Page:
gula blommor som svävar i luften


In Allora & Calzadilla’s  Graft thousands of blossoms from a Roble amarillo tree (Tabebuia chrysantha), an oak species native to the Caribbean, fill the air in the new university building Natrium at Gothenburg University. The blossoms fall from a tree that is not there. Yet they float freely in the air as if suspended in a moment in time.

The term “graft” is used in horticulture to name the practice consisting of joining different plant parts and even different plant species with the aim of regenerating them. By using this term, the title of the Allora & Calzadilla’s artwork alludes to the symbolic transplanting of a portion of these non-native trees to the Natrium building in Gothenburg.

Graft alludes to environmental changes that have been set in motion through the interlocking effects of colonial exploitation and climate change.  Systemic depletion of Caribbean flora and fauna is one of the primary legacies of colonial rule. The Caribbean is considered the area of greatest vulnerability in the present era of increasingly extreme weather events. Nonetheless, the region remains one of the planet’s 36 biodiversity hotspots, areas that support nearly 60% of the world’s plant, bird, mammal, reptile, and amphibian species but that amount to just 2.4% of the earth’s land surface.

In their unnatural stillness, the flowers in Graft reflect this fragile ecological predicament. The yellow flowers from the Roble amarillo tree hang delicately in the atrium, suspended in the central space of the building. The flowers are recreated as in a natural history museum where artificial vegetation is often used to illustrate the flora of a particular region. The artwork creates a magical visual effect at the heart of the new building for the University of Gothenburg, inviting us to enjoy the beauty of natural phenomena.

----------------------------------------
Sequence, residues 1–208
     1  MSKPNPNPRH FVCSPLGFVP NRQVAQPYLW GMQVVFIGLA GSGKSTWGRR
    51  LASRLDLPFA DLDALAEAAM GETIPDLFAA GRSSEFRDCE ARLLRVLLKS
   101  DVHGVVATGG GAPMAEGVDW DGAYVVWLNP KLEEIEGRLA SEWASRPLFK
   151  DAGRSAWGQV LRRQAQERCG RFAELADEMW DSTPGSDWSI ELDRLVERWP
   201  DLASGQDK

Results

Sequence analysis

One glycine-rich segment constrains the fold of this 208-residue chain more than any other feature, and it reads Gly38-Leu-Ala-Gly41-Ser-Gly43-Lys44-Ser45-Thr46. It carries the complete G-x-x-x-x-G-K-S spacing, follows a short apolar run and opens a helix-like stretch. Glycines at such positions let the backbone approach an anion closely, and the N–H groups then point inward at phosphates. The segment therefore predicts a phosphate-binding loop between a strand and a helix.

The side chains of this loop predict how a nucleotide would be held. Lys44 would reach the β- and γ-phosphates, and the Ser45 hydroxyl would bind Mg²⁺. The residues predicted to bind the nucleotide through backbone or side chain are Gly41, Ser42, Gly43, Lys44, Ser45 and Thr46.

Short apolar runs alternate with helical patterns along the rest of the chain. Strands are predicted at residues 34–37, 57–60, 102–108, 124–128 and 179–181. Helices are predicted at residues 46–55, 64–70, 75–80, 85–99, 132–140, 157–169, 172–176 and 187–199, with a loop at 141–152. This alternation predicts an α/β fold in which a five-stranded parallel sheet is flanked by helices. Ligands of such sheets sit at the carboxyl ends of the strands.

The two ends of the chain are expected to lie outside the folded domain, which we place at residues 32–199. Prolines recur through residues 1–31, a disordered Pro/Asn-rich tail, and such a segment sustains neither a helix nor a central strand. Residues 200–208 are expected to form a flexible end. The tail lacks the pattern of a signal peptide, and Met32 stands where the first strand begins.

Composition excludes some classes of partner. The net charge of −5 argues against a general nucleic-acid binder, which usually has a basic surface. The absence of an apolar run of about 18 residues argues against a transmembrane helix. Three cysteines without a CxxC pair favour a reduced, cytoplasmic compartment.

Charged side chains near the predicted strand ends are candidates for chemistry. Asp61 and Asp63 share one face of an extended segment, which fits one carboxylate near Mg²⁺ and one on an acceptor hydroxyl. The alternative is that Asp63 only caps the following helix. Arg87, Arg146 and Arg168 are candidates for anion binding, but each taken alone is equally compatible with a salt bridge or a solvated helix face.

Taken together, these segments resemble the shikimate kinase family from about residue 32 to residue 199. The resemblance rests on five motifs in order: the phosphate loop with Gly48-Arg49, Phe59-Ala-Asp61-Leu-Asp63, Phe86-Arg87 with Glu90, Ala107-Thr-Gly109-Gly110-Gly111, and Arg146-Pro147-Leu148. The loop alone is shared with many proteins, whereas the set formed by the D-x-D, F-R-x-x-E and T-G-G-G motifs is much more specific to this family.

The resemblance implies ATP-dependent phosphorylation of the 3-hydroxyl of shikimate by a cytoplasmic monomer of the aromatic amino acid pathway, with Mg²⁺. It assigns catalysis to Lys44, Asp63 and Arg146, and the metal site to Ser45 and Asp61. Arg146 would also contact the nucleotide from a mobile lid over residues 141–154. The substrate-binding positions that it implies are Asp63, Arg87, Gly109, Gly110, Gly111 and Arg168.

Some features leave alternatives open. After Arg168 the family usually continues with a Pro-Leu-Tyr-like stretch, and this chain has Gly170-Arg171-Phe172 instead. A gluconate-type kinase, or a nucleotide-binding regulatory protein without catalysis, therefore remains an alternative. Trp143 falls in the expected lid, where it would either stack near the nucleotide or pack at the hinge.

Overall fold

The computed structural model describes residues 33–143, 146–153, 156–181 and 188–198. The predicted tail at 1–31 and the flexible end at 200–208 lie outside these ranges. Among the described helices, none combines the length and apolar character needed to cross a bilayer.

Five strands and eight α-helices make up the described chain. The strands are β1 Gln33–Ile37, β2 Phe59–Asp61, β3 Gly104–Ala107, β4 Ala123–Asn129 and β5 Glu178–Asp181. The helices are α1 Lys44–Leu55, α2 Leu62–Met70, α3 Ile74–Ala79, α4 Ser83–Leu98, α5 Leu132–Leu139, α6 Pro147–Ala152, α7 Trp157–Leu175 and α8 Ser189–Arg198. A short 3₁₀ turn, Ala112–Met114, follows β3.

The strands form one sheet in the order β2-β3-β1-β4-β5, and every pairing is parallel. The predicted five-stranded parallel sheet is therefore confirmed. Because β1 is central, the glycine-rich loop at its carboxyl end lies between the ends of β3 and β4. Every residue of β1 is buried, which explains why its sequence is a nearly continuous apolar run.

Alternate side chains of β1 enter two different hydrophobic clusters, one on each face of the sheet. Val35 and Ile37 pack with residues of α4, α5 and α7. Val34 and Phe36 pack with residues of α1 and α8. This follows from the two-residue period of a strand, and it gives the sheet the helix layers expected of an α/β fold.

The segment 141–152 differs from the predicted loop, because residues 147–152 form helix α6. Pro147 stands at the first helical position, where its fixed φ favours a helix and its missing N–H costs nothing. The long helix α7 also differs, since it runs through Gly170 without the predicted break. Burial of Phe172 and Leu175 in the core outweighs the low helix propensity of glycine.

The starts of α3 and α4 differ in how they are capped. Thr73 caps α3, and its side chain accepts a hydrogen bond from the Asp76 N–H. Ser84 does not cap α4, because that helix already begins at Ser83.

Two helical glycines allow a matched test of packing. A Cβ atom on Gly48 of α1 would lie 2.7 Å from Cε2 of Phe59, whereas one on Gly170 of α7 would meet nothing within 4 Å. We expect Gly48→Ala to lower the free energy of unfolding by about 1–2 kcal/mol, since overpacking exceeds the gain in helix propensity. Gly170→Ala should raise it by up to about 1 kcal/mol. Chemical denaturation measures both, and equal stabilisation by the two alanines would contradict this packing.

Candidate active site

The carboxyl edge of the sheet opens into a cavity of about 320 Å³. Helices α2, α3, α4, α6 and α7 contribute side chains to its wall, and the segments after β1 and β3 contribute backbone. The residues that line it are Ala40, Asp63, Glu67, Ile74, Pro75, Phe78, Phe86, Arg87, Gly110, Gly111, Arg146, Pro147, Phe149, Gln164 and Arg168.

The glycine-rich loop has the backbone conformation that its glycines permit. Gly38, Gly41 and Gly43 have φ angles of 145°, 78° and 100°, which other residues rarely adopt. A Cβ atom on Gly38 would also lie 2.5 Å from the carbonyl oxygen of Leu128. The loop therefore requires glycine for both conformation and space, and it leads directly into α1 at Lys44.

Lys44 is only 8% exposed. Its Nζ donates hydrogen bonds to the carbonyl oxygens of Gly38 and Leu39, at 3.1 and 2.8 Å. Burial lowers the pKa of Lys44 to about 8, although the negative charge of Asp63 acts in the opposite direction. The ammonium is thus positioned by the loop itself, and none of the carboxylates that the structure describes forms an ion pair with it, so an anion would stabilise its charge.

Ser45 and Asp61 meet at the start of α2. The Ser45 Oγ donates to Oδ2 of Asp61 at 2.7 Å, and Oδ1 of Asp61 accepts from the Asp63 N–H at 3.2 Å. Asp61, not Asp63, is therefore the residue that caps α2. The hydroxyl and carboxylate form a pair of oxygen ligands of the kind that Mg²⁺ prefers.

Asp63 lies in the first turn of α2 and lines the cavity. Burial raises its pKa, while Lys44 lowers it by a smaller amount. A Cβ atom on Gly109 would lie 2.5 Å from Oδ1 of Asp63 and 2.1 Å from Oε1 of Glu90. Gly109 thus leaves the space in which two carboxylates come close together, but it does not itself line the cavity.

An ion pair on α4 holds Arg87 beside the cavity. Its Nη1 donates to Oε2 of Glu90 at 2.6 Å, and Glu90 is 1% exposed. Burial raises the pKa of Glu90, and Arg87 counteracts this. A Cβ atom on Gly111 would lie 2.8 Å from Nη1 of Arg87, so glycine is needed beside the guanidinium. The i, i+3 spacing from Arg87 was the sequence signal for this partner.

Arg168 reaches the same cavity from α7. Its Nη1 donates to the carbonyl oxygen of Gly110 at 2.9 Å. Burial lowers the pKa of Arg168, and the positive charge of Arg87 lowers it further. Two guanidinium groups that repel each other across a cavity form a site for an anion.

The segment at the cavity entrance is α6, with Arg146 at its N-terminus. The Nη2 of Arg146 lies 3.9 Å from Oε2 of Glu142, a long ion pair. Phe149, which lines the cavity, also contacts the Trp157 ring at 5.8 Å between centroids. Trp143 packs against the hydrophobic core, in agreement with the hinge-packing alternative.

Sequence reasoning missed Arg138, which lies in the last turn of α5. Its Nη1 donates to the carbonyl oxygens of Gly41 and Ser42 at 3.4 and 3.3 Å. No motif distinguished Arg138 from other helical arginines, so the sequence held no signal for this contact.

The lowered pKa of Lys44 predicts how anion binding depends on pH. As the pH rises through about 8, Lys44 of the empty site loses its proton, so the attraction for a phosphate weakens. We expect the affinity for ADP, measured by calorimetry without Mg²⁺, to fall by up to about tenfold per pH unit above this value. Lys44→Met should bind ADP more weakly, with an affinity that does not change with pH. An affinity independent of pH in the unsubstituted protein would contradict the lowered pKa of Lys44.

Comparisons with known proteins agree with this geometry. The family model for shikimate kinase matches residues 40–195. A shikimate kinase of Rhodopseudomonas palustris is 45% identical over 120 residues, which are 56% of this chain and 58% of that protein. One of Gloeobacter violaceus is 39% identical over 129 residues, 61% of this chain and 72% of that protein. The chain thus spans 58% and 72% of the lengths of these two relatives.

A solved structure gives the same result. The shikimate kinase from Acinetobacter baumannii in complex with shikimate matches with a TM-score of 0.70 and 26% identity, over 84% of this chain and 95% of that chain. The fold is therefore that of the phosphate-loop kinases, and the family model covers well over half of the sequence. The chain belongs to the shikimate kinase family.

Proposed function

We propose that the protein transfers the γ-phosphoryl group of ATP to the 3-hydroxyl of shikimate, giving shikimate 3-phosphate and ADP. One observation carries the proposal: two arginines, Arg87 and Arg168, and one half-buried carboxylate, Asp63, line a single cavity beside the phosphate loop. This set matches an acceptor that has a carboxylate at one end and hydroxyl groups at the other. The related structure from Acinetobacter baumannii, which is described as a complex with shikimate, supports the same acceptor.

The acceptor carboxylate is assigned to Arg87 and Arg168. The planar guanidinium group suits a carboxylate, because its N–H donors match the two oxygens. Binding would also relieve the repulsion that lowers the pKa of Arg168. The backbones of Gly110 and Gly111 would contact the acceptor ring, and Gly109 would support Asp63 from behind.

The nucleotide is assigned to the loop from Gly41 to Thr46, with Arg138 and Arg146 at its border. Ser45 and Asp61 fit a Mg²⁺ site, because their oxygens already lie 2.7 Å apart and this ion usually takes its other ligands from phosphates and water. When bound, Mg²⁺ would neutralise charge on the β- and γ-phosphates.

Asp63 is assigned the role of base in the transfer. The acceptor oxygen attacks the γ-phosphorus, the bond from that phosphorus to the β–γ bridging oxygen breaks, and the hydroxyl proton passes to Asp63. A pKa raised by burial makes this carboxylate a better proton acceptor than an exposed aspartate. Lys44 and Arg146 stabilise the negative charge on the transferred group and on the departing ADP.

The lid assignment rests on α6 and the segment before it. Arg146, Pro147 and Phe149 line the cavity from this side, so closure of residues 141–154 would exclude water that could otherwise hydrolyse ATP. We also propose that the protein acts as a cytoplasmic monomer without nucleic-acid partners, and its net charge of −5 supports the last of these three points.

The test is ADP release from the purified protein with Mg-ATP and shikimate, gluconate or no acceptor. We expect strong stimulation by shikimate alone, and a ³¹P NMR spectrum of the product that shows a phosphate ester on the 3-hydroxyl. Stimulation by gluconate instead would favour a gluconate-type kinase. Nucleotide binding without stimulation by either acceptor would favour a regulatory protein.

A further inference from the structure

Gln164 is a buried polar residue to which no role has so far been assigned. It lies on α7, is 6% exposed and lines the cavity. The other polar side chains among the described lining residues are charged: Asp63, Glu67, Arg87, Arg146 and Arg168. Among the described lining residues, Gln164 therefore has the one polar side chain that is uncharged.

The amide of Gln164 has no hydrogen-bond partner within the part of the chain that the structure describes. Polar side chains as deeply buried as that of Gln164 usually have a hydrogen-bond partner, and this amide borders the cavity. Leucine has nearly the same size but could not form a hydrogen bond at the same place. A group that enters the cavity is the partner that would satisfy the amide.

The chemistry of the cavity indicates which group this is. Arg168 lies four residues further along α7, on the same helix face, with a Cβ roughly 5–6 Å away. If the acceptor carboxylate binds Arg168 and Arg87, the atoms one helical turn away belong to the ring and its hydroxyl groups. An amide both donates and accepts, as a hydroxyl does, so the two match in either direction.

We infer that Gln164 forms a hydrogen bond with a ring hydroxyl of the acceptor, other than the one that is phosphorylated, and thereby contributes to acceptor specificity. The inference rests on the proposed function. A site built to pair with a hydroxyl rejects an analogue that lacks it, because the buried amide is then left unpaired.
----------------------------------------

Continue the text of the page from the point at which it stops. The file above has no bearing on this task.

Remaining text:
Graft relates thematically to the activities in the building Natrium by bringing to attention how matters of climate change and biodiversity are interlinked on a global scale. In doing so, it reminds us about the importance to take a stand on the environmental challenges we are facing today.

Artist biography Allora & Calzadilla

Jennifer Allora (b. 1974) and Guillermo Calzadilla (b. 1971) live and work in San Juan, Puerto Rico. Collaborating since 1995, they have exhibited extensively both in solo and group shows across the world in venues such as Tate Modern, London; MAXXI, Rome; Guggenheim Bilbao; MoMA, New York; and Stedelijk Museum Amsterdam. They represented the United States at the 54th Venice Biennial.